If human-induced climate change continues unchecked, 10 percent of the U.S. economy could evaporate by 2100, a 1,656-page federal report the White House slipped out on Black Friday (Nov. 23) warned — but a nearby world has an even hotter climate problem than ours, and scientists say we could learn some valuable lessons from it.
That world is Venus, Earth's "evil twin," which was once nice enough — until something went wrong and the atmosphere began trapping a little too much heat. Scientists aren't positive precisely how events played out, but the runaway greenhouse effect that resulted is beyond debate: Venus now clocks in at a staggering 880 degrees Fahrenheit (471 degrees Celsius).
"I think Venus is an important warning: Greenhouse atmospheres are not theoretical," Ellen Stofan, director of the Smithsonian's National Air and Space Museum and former chief scientist at NASA, told Space.com. And in fact, Venus has already warned us about a climate threat — Stofan said that it was studying our neighbor that prompted scientists to look for an ozone hole here on Earth. They found it, and in perhaps the only veritable climate success, international agreements have cut production of the compounds that eat away at ozone. [Japan at Venus: Photos from the Akatsuki Spacecraft's Mission]
Much of the appeal of Venus comes from the fact that despite its horrifying modern appearance, it's actually really similar to Earth. "Picture a planet that's just like Earth but it's a little hotter because it's a little closer to the sun — and that would be Venus," David Grinspoon, a planetary scientist and astrobiologist at the Planetary Science Institute, told Space.com.
Along with Mars, these planets form a trio of worlds that began with comparable sizes, materials and temperatures — until suddenly, they were very different. Once upon a time, Venus, like Earth today, was covered in water, perhaps even habitable. Then, gradually, something fell out of whack. "The basic mechanism is very simple: Everybody knows that if you heat up water you make steam," Grinspoon said. And water vapor is a powerful greenhouse gas, trapping still more heat. "There's nothing to really stop it until the oceans fully evaporate." (Today, Venus' atmosphere is almost entirely carbon dioxide; radiation from the sun likely broke up the water vapor, letting it escape into space.)
The divergent paths of Earth and its two neighbors pose an existential dilemma more powerful even than anthropogenic climate change: Humans or no, Earth's cozy environment won't last forever, either. "We think of habitability like, 'Oh, you have a habitable planet and it just stays that way,'" Stofan said. "Habitability can be very transient in a planet's history." Of the three, Earth's habitability window has lasted the longest, and Venus' was probably shorter than Mars, but scientists aren't yet sure by just how much, she added.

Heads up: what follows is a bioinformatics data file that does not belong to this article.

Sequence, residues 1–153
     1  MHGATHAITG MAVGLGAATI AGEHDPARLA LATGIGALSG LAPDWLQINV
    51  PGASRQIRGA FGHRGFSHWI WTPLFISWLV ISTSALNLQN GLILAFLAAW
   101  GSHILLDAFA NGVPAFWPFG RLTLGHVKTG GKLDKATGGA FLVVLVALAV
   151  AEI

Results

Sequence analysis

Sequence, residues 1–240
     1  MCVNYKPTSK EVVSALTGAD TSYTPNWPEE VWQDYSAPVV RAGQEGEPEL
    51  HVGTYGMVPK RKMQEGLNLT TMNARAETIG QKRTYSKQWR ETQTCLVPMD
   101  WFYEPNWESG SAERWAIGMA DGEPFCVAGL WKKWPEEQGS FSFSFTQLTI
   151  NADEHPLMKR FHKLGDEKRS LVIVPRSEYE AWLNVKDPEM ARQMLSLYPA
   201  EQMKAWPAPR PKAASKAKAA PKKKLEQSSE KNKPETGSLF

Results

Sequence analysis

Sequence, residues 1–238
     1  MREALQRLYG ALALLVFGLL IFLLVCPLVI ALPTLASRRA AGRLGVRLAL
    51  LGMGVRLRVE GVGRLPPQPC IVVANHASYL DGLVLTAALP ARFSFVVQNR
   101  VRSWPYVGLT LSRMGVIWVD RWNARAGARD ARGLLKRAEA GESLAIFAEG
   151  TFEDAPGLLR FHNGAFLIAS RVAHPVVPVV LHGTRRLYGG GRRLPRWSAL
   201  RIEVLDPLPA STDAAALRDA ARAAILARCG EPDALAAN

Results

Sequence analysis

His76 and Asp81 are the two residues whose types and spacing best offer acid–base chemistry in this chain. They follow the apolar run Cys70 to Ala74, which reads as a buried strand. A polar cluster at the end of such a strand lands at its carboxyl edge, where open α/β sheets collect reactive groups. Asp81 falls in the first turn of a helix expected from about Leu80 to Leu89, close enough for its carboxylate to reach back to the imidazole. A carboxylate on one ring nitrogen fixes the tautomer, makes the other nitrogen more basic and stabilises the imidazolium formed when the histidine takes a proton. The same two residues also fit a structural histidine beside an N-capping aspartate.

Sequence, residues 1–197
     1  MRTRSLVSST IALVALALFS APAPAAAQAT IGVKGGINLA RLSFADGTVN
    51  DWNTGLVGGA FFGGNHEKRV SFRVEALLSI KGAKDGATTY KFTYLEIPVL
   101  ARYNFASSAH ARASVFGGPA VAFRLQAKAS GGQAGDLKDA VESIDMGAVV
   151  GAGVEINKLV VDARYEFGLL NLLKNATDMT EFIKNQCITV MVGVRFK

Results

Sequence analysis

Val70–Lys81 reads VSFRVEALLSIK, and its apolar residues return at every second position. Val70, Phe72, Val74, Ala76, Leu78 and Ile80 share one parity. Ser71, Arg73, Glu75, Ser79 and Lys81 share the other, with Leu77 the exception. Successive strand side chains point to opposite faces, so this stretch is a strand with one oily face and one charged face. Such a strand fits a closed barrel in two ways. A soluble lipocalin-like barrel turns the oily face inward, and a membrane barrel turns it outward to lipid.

At a strictly intellectual level, data from Venus and Mars about how a planet and its atmosphere affect each other can be more intriguing than terrestrial data. "For a geologist, Venus is such a great planet because you have geology and you have the atmosphere and they're interacting with each other in a really interesting way without the mess of the biosphere," Stofan said. "It's kind of like a pure planet, which for a geologist is really fun."
But while Earth's biosphere may be intellectually annoying, we're all awfully fond of it, and that's a powerful reason to care about climates on other worlds. "It's no longer just a luxury because we're curious," Grinspoon said. "It's become an essential survival tool for us now."
Climate scientists are the first to tell you they want more data, more models, more to dig their teeth into. Some types of climate information does go back millennia, like the details trapped in columns of sediment that scientists can pull from the ocean floor, but climate data is skewed heavily toward modern years. [Amazing Venus Photos by ESA's Venus Express]
So doubling the number of planets you're looking at — even with limited data — makes a difference. "[Venus is] a laboratory for understanding climate physics and climate change on an Earth-like planet," Grinspoon said. "You can't learn everything you need to know about climate change on Earth by only studying Earth."
And unlike climate here on Earth, the same interactions on Venus don't have the kind of emotional drama attached to them. That means that Venus doesn't just offer new information — it also offers a new way of talking about climate, even with those who have taken an ideological stand against findings here on Earth.
"I've had some conversations with people in that camp that have been fruitful because I've used the example of Venus," Grinspoon said. "It allows you to sort of reframe the question — you're not just talking about policy choices on Earth. … It's not a cure-all for that difficult conversation, but I do think it can help."
Whatever humans do or do not choose to do about Earth's climate, someday countless years from now, as the sun swells in its old age, our world will travel the same path as Venus, with the oceans evaporating away into a runaway greenhouse world. By then, climate won't be a problem for any of us, but it's still a poignant reminder of what science can tell us about the world.
"I'm not saying, 'Oh, that's about to happen to Earth,'" Grinspoon said. "But the overall lesson still stands that climate stability is not something you can take for granted."